Already in mailboxes is the January edition of The Free Market, the Mises Institute’s monthly.
In this issue, Ryan McMaken writes on the AMC show Hell on Wheels and the transcontinental railroads:
Hell on Wheels wastes no time in making it quite clear that this is not the story of heroic entrepreneurs or industrialist visionaries. It is the story of con artists and thieves capitalizing on the expansionist ideology of a militarized and war-torn society.
Durant, wishing to extract as much money as he can from the federal government, chastises his workers for seeking to build the railroad efficiently, reminding them that “this undertaking is being subsidized by the enormous teat of the federal government” and that the railroad, which is being paid by the mile, should use a much longer route in order to take advantage of “this never-ending money-gushing nipple” that is the U.S. Treasury.
Because of its political provenance and its lack of participation in any functioning markets, the railroad exists forever on the brink of chaos and bankruptcy as Durant must manage politicians and stockholders to ensure that his corrupt show can go on.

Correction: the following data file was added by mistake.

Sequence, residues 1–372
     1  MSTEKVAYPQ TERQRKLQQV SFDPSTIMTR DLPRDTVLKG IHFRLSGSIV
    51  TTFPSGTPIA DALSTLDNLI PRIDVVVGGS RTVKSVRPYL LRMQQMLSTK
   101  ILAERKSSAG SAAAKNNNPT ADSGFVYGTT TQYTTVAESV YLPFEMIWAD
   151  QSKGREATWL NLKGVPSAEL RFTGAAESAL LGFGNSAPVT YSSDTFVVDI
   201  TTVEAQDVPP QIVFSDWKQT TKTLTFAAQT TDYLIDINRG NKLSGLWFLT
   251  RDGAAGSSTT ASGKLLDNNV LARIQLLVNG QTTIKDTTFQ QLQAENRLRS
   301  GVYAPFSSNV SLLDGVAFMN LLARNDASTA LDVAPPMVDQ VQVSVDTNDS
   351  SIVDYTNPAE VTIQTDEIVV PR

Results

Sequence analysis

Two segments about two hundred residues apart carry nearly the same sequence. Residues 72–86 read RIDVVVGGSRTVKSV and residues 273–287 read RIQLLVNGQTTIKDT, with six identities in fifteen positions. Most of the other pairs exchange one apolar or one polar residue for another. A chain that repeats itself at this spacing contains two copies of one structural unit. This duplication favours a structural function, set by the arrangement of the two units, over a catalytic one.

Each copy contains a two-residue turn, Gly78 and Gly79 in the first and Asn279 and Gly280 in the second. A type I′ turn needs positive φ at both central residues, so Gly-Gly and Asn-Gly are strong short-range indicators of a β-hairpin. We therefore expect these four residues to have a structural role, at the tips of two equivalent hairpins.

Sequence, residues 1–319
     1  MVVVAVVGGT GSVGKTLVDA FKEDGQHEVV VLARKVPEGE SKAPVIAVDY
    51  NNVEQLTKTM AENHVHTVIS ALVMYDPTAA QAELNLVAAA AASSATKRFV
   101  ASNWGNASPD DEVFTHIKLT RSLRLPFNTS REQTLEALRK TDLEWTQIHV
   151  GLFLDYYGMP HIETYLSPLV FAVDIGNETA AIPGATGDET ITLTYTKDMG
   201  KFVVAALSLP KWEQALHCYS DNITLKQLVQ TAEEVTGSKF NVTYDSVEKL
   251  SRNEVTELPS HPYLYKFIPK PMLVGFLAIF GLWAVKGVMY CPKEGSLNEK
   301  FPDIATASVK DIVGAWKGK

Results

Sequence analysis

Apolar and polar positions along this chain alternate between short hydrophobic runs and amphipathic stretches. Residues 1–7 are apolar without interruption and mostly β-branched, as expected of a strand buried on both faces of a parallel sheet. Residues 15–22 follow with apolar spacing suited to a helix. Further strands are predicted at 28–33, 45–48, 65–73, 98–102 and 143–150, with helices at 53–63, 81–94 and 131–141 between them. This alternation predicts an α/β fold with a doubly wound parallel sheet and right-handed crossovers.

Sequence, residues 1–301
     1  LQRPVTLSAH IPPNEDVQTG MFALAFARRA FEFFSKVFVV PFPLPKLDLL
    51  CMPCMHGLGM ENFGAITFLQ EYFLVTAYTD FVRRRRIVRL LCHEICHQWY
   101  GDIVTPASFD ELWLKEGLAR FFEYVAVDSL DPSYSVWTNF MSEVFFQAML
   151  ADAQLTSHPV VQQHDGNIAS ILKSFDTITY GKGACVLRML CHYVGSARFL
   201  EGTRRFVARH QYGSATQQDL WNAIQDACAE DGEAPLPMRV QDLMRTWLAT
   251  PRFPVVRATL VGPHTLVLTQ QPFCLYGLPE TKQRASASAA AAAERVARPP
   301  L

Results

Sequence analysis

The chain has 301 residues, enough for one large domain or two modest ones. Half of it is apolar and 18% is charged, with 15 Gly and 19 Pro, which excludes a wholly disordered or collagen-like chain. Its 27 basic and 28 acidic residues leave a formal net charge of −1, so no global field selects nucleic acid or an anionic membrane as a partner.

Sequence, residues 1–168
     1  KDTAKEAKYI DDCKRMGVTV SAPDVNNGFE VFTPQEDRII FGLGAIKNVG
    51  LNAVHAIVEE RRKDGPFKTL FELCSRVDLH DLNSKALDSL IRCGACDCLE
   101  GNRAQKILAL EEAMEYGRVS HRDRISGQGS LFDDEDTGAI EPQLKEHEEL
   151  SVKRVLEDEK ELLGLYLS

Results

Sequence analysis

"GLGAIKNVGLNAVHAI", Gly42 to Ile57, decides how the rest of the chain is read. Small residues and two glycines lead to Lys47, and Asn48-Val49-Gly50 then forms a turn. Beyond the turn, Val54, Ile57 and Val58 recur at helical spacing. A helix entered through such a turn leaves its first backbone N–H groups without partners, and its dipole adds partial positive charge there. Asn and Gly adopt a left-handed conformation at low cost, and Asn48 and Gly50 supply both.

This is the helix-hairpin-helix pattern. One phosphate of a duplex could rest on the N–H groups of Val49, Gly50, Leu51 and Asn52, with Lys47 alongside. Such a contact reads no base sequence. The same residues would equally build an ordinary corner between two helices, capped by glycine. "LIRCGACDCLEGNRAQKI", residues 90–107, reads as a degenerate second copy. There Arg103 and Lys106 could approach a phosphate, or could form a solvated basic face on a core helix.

And Mises Institute President Jeff Deist discusses what attracted him to Austrian economics:
Remember that much of what passed for free market or libertarian thought at the time remained mired in 1980s Reaganite clichés. Supply-side economics was still the focus of the Right, with many otherwise sensible people talking about the Laffer Curve and maximizing tax revenue! Quasi-utilitarian arguments flourished in the economics mainstream, ceding the intellectual high ground in favor of arguments that free markets merely “worked” better. “Law and economics” theories were trendy, with strict liability tort models offered as the supposed remedy to judicial overreach and externalities. Tax cuts and enterprise zones typified the weak-tea fiscal policy ideas coming from the political class, even as Clinton outfoxed the elder Bush by co-opting limited government rhetoric. Of course both Alan Greenspan and the Fed were wildly popular across the political spectrum, with some pundits promising not only an end to poverty (through monetary policy) but an end to history itself. Democracy, so we were told, had triumphed.
Against this backdrop Austrian economics opened up a whole new world for me. It became clear that antipathy toward government and support for free markets was not enough: it was necessary to understand and explain the harm caused by all kinds of government intervention in economic terms, which is to say, human terms. Reading breezy libertarian books and articles could never substitute for more rigorous academic self-study.
Also included are numerous notes about our scholars and alumni, and more.
All Mises Institute Members receive copies of The Free Market. Join here.